The last time we saw Jean-Luc Picard, he was still captain of the Enterprise-E, with old friends like chief engineer Geordi LaForge and Klingon warrior Worf by his side. But Stewart himself has suggested Picard is likely no longer a Starfleet captain, which would make a certain amount of sense; Picard was one of Starfleet's most decorated officers and was probably nearing an inevitable promotion around the time of Nemesis.
There's no official confirmation of what Picard's next job was, but both canonical and non-canonical stories have suggested he'd eventually become the Federation's ambassador to Vulcan. It's not hard to imagine Ambassadors Picard and Spock working hand in hand to broker peace between the two planets, and how devastated Romulus' destruction would have left Picard, not to mention Spock's "death" - we know Spock actually just got shunted into the Kelvin timeline, but to everyone in the Prime universe it would be apparent that he sacrificed himself saving the galaxy.
This would leave Picard, in the twilight of his life, with one final mission: find a home for his once sworn enemies, who are now intergalactic refugees with few allies or worlds willing to take them in. Spock devoted the majority of his life to the cause, and that may be enough to galvanize Picard and to take matters into his own hands instead of relying on the lukewarm bureaucracy of the Federation.
The Picard Series Will Be An Immigration Story - Explaining Stewart's Return
Picard's personal connection to the cause of the Romulan refugees is apparent, but it may also explain why Patrick Stewart has finally decided to return to the Star Trek franchise. Despite the fact that some creators like to sand off its more challenging edges - something the Abrams films are absolutely guilty of - Star Trek has always been political. Star Trek: The Original Series made its name by telling fantastical morality plays about racism, sexism, and the myriad flaws and strengths of the human condition; the TOS cast's final movie, Star Trek VI: The Undiscovered Country, was a meditation on the end of the Cold War, and how good men and women can harbor hatred in their hearts without even realizing it. It also had Captain Kirk kicking a neon alien in his knee genitals and making out with himself, because William Shatner is who he is.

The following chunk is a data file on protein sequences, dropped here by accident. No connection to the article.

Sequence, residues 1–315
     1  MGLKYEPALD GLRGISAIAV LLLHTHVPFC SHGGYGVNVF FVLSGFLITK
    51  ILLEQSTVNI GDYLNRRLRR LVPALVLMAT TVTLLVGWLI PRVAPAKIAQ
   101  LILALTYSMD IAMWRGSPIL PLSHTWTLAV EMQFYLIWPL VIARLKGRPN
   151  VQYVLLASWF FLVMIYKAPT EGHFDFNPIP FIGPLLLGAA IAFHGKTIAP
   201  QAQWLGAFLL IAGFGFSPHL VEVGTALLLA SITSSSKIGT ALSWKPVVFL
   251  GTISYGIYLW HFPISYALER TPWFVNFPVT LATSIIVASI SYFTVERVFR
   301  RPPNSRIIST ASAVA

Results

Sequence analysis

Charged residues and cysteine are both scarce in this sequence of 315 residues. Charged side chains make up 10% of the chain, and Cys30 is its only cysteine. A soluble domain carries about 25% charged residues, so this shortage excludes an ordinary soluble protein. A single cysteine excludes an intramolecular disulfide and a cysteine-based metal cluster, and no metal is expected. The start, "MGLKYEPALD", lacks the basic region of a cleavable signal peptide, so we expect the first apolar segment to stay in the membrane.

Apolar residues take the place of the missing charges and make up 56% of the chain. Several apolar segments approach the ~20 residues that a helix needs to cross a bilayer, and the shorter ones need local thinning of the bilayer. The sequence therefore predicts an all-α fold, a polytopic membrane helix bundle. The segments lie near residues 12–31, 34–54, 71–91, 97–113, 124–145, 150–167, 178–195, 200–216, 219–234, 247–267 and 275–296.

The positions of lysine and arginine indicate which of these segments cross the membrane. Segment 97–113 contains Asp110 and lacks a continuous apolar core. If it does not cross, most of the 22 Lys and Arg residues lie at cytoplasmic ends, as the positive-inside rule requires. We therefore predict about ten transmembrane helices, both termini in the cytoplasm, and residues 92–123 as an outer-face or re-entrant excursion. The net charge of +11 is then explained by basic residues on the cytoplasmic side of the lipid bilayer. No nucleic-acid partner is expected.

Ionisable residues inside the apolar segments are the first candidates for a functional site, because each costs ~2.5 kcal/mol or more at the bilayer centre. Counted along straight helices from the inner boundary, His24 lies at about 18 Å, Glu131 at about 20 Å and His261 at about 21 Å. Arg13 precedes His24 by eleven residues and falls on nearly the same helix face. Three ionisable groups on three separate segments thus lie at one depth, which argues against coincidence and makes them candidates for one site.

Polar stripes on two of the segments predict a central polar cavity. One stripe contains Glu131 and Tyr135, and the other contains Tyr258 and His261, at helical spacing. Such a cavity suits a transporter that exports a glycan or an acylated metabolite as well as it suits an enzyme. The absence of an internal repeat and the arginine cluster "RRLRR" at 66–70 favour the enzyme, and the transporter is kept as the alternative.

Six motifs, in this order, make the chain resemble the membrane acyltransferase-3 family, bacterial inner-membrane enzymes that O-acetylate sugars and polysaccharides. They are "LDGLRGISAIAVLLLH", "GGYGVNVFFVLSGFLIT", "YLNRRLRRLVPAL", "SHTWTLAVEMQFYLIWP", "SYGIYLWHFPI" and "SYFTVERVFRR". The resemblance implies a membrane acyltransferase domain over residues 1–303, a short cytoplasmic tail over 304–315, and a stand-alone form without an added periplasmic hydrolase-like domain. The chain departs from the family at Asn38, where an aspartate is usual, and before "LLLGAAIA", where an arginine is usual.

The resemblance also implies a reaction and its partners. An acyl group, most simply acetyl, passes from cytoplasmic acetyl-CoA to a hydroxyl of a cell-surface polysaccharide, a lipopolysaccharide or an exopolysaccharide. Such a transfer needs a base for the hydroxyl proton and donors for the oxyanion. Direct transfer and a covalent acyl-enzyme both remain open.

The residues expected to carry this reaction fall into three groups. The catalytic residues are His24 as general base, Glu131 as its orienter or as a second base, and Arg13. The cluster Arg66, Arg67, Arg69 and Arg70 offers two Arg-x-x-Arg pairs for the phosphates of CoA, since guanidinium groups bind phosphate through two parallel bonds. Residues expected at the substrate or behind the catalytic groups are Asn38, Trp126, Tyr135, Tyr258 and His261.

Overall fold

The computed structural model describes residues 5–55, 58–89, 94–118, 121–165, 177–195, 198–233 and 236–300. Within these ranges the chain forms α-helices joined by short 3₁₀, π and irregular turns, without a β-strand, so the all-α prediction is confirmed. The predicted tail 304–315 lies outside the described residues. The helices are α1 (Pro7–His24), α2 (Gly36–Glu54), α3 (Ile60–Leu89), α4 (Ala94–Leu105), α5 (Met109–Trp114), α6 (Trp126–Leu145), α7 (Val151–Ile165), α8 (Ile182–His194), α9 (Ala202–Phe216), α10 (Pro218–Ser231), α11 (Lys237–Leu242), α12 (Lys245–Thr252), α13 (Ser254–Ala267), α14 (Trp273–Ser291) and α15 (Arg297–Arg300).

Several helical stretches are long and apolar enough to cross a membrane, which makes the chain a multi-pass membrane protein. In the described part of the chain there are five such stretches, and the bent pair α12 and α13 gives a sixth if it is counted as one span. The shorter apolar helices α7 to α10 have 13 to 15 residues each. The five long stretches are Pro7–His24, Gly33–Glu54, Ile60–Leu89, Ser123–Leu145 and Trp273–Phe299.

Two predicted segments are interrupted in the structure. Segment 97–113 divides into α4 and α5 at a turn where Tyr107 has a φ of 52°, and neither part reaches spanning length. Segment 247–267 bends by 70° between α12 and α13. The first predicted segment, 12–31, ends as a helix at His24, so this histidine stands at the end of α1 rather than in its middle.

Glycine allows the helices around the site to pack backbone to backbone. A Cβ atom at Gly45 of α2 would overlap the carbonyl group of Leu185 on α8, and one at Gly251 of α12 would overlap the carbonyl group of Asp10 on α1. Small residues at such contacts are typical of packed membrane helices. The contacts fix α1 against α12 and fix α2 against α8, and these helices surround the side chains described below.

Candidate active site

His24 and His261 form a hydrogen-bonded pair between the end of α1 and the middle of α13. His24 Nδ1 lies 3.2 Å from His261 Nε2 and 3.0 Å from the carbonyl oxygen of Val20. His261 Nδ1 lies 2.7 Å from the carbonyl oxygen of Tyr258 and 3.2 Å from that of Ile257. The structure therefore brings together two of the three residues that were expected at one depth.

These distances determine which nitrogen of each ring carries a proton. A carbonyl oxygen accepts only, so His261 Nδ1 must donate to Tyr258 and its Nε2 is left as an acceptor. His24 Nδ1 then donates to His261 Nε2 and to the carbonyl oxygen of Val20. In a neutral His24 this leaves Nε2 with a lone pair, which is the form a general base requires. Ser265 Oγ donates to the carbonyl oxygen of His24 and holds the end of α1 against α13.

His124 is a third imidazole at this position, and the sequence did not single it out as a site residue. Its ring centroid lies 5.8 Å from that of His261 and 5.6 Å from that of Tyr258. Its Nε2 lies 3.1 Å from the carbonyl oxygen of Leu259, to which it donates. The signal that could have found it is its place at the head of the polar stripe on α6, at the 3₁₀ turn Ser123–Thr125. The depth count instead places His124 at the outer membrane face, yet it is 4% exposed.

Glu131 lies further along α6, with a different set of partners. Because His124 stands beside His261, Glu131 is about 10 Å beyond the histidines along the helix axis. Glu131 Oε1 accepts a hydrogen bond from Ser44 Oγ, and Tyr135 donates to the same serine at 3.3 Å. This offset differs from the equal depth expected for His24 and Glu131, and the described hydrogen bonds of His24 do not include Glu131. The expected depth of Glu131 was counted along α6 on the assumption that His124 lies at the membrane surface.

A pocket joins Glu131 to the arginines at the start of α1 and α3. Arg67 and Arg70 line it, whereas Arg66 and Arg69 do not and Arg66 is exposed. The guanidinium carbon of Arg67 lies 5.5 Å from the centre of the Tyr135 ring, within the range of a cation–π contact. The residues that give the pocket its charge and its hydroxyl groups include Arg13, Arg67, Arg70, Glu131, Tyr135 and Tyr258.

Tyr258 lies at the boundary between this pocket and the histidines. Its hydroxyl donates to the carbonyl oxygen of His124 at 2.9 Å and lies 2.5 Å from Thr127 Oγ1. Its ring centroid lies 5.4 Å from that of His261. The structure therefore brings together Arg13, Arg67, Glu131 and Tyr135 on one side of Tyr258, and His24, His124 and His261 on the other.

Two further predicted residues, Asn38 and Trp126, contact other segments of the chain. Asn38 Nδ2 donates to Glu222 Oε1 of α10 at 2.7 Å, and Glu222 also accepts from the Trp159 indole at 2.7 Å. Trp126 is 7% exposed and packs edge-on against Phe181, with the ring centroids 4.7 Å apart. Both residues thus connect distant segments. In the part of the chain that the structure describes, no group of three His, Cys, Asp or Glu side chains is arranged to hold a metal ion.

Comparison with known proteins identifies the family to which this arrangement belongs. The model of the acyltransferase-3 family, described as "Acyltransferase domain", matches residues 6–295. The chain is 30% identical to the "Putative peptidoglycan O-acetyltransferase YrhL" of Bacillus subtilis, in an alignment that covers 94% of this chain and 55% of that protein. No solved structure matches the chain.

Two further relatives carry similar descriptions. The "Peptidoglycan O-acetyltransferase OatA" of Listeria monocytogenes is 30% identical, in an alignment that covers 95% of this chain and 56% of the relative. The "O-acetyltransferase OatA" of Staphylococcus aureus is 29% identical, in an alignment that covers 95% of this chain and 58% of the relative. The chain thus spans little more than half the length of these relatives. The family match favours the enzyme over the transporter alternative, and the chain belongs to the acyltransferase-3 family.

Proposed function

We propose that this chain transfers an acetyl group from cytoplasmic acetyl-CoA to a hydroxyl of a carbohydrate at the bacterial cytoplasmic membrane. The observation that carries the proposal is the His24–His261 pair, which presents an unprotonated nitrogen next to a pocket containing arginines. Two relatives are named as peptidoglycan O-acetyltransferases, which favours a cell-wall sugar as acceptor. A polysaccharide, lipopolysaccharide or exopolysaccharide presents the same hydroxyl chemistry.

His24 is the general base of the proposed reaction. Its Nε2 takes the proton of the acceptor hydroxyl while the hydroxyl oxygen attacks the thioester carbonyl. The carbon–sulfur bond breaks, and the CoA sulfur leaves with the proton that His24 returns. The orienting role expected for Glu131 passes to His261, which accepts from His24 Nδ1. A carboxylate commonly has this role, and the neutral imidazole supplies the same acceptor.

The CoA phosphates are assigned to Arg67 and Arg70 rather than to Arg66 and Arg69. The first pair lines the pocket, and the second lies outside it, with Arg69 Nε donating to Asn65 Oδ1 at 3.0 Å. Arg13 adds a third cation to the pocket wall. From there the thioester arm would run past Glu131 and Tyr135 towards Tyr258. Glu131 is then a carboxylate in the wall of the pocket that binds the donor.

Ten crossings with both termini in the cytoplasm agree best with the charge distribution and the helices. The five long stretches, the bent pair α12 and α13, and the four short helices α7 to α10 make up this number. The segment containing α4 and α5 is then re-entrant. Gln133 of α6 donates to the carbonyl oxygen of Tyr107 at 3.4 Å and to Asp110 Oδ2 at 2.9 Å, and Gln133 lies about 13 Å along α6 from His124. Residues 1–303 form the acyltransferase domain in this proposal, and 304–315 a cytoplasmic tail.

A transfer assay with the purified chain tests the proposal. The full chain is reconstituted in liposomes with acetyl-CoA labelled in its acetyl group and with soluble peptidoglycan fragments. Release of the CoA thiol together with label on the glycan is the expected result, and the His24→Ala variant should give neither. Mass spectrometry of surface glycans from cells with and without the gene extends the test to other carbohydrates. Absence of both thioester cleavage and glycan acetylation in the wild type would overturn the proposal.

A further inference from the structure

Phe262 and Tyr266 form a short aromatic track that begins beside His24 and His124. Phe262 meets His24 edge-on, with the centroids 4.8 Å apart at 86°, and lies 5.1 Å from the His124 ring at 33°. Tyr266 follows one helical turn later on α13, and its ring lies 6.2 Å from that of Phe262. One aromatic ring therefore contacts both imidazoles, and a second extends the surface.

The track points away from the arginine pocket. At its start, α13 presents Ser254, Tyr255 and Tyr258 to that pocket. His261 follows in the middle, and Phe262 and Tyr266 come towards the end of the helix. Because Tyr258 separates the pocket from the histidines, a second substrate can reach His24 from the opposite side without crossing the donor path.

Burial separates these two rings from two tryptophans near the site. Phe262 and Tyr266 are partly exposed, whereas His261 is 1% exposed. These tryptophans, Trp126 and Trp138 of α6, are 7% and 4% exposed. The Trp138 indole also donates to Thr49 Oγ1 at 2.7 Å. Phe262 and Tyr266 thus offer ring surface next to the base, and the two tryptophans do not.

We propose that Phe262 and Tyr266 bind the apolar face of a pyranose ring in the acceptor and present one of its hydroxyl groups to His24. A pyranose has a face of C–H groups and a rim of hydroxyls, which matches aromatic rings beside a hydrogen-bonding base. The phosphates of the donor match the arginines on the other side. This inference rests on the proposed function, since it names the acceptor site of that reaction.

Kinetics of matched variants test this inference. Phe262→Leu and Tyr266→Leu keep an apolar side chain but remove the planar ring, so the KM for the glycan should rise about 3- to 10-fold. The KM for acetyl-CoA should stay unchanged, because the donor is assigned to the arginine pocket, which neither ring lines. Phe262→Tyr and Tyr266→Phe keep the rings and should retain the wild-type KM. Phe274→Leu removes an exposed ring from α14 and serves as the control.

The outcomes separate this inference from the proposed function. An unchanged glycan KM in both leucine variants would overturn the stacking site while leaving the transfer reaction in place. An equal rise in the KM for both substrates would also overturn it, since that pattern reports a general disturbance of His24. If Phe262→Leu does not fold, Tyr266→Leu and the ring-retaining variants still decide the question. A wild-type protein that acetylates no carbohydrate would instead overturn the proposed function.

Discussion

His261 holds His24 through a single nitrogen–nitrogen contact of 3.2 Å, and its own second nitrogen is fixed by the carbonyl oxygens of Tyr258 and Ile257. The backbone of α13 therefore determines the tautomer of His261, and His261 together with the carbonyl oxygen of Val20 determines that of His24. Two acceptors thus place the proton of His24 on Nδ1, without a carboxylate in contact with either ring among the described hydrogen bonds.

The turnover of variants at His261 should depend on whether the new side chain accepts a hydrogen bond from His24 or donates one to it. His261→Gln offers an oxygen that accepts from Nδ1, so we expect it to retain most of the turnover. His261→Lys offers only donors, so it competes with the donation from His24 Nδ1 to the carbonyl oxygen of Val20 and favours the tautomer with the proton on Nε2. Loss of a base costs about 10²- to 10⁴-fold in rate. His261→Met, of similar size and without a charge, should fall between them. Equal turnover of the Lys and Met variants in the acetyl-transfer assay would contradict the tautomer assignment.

Stewart's The Next Generation was just as politically motivated, dealing with issues of social justice and civil liberty in more thoughtful ways than the '60s swashbuckling adventurism of The Original Series. When Star Trek is at its best, it has something to say about the world around us through clever, universal themes. One of the many inescapable realities of 2019 is the escalating immigration crises both along the American border with Mexico, and in Europe with Syrian war refugees. Stewart himself is an outspoken critic of the hardline policies that are making it harder for immigrants and refugees to find safe harbor in countries that were ironically built on the backs of generations of immigrants, and it's easy to imagine him finding the notion of the Romulans as a stand-in for those real-world issues to be an opportunity he couldn't turn down. Picard attempting to save the Romulans, perhaps the mostly boring, cartoonishly evil alien race of The Next Generation era who greeted him with nothing but enmity, would be a fitting swan song for the man who may be Star Trek's most empathetic, thoughtful character.
The Picard series doesn't necessarily need all of this backstory. The notion of Patrick Stewart putting on his spacesuit and telling people to "make it so" is likely enough to cause a spike in CBS All Access subscribers when the show debuts. But it's appropriate that such a monumental return would not only tie into the franchise's deepest roots, but would also address real-world strife with the humanity and hopefulness that only Star Trek can deliver, and that message has never had a more effective disciple than Jean-Luc Picard.